All of the preceding analysis is based on the assumption that the fiscal cliff is averted and that a deal, which phases in any tax increases and spending cuts over time, rather than imposing them all on January 1, is cut.
Should such a deal not be cut, the impact could be severe. Although there will not be an immediate change in the economy of the type implied by the word cliff, the effects will begin immediately as payroll withholding rates are adjusted, which will reduce take-home pay across the board, with the greatest proportionate impact on the lower-income tiers.
The statutory impact of the tax increases and spending cuts will be about 4 percent of GDP, with about two-thirds of that coming from tax increases. The aggregate impact will be greater than that, however, as the relationship is not one-to-one. In fact, economic studies suggest that tax increases have a negative effect on economic growth in the 2–3x range, while spending cuts have a 1–2 multiplier. Overall, the fiscal cliff could, over time, decrease growth by 6 percent or more. Starting from a base growth rate of around 2 percent, this would result in a significant recession.
An analysis by the Congressional Budget Office (CBO) suggests that the fiscal cliff-induced contraction could increase the unemployment rate to 9.1 percent. I suspect that the damage would actually be worse. The CBO also suggests that the economy would contract for two quarters before starting to grow again, but, again, I suspect that is optimistic.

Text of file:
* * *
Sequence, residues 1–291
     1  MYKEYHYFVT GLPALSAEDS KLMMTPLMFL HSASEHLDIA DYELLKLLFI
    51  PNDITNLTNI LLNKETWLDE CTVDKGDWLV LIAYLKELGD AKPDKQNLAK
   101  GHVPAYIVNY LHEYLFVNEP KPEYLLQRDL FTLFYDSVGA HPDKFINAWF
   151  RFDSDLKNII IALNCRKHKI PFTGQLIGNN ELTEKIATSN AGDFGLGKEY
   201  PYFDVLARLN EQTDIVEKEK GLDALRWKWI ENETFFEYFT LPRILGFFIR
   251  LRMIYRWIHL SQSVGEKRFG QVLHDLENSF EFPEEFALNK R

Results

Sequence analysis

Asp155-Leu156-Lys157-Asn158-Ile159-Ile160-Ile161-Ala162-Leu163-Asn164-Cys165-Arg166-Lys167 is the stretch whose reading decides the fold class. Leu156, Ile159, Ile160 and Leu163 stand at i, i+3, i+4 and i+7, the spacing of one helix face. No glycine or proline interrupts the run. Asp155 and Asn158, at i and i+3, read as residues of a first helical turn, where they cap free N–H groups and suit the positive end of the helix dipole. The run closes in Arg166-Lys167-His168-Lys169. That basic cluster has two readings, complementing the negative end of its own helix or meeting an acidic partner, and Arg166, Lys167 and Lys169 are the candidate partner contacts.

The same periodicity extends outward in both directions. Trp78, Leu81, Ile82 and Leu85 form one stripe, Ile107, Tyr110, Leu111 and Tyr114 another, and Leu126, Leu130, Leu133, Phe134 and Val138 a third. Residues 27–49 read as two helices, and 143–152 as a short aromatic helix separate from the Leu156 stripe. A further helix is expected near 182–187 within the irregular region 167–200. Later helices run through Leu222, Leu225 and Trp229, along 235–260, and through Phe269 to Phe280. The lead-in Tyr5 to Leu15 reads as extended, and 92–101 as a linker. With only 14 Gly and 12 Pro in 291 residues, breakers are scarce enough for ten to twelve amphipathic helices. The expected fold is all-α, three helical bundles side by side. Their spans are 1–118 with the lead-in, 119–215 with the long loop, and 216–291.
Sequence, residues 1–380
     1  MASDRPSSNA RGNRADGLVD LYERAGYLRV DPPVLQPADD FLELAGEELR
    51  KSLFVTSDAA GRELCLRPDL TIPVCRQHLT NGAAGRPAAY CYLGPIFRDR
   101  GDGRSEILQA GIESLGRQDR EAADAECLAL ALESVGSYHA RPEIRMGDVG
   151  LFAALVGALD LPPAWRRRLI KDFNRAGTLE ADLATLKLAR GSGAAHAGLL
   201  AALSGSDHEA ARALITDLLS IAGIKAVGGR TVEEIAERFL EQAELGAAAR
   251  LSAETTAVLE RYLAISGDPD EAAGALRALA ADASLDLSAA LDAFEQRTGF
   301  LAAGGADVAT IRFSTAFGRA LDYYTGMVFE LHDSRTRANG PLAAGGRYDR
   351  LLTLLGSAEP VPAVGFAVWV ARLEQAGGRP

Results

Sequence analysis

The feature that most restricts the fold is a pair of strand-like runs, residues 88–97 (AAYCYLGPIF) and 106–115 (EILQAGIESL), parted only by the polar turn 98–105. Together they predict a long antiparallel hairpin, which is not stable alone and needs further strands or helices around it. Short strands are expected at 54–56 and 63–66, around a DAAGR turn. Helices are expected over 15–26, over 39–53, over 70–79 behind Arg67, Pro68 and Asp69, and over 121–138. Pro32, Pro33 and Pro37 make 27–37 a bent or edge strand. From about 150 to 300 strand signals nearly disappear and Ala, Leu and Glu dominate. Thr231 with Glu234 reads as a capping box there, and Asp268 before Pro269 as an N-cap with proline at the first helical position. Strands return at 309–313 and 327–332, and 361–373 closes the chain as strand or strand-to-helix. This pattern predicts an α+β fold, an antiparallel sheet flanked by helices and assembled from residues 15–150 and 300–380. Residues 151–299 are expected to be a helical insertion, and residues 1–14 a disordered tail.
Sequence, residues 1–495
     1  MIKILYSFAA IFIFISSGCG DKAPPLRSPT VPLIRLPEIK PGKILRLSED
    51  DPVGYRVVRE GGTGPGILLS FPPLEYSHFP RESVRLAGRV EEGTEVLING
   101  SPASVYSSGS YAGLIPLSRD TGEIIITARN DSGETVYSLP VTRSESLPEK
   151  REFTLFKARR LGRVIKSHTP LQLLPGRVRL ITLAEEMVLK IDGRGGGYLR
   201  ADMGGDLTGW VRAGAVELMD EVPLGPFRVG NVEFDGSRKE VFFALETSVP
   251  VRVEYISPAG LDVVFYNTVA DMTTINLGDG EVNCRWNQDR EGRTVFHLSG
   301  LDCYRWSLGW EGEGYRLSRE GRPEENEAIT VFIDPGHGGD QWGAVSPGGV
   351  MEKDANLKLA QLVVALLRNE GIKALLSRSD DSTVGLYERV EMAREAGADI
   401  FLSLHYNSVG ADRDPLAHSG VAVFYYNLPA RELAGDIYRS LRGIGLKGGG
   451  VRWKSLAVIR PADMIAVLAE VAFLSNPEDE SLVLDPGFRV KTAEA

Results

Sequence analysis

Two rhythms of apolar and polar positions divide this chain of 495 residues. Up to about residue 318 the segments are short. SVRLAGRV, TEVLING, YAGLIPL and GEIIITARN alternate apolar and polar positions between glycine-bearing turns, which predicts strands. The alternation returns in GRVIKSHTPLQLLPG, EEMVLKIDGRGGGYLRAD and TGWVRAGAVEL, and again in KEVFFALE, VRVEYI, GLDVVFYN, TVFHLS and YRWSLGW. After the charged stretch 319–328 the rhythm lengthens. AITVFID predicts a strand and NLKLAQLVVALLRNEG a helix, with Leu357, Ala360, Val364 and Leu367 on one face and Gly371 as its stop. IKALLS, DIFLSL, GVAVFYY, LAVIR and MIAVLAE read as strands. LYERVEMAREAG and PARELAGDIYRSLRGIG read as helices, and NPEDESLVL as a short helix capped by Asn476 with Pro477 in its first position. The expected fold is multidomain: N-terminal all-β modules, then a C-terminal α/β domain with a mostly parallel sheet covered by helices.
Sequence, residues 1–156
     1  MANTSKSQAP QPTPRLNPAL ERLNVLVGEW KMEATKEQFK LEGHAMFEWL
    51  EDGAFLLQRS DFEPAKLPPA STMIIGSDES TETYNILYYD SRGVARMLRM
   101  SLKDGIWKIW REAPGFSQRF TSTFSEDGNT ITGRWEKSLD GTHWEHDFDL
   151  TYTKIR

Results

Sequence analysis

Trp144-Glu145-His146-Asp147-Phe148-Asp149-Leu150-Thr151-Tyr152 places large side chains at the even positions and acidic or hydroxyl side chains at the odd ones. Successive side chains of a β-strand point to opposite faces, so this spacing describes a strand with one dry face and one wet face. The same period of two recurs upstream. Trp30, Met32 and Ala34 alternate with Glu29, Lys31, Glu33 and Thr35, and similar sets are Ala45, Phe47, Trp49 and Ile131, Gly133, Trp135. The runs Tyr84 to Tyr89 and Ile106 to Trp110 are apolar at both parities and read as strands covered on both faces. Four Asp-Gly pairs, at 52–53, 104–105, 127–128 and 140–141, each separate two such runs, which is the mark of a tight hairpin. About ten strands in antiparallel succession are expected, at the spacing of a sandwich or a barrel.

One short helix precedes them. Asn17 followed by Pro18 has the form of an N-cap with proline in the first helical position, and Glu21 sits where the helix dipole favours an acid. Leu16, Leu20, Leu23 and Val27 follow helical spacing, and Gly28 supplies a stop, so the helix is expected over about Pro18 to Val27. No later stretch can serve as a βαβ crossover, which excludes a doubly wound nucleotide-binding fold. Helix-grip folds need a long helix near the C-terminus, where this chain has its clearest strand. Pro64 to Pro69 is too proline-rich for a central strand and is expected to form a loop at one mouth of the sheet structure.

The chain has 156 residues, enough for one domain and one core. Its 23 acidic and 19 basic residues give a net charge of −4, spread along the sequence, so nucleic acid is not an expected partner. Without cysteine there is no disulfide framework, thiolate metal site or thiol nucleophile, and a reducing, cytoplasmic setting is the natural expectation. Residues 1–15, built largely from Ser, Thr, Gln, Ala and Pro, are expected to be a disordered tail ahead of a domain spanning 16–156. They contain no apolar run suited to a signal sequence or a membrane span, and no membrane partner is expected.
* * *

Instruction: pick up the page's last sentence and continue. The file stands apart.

Financial market impact
Fixed income markets might well benefit from the fiscal cliff, as the deficit will decrease dramatically, and the financial security of Treasuries could actually be improved, which, along with any flight to safety, could result in lower interest rates overall. Equity markets, on the other hand, would face probable revenue declines and increased risk aversion, which could result in a one-two punch to market values, as both earnings and valuations would decline simultaneously.
Both markets could suffer from the fiscal cliff, but equities are likely to get hit much harder. The next phase, though, where the U.S. runs into the debt ceiling again—expected early in 2013—could hit fixed income harder. If no agreement is reached on the fiscal cliff, the likelihood of an agreement on the debt ceiling will decrease. If no agreement is reached there, the U.S. could conceivably go into voluntary default, which could hammer fixed income.
The fiscal cliff and pending debt ceiling are the primary risk factors for financial markets, and, at this point, given the wide range of possible outcomes, there is no real way to estimate the consequences. Should we need to do so, we will issue updated guidance when we have more information.